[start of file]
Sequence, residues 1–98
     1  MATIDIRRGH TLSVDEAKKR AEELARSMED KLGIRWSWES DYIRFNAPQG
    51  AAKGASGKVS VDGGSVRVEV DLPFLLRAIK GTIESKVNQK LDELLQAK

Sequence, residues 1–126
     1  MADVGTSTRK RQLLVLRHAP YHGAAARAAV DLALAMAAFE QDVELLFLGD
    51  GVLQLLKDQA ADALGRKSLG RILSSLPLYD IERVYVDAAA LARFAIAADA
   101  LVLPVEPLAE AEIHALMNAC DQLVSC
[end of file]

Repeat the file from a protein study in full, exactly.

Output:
Sequence, residues 1–98
     1  MATIDIRRGH TLSVDEAKKR AEELARSMED KLGIRWSWES DYIRFNAPQG
    51  AAKGASGKVS VDGGSVRVEV DLPFLLRAIK GTIESKVNQK LDELLQAK

Sequence, residues 1–126
     1  MADVGTSTRK RQLLVLRHAP YHGAAARAAV DLALAMAAFE QDVELLFLGD
    51  GVLQLLKDQA ADALGRKSLG RILSSLPLYD IERVYVDAAA LARFAIAADA
   101  LVLPVEPLAE AEIHALMNAC DQLVSC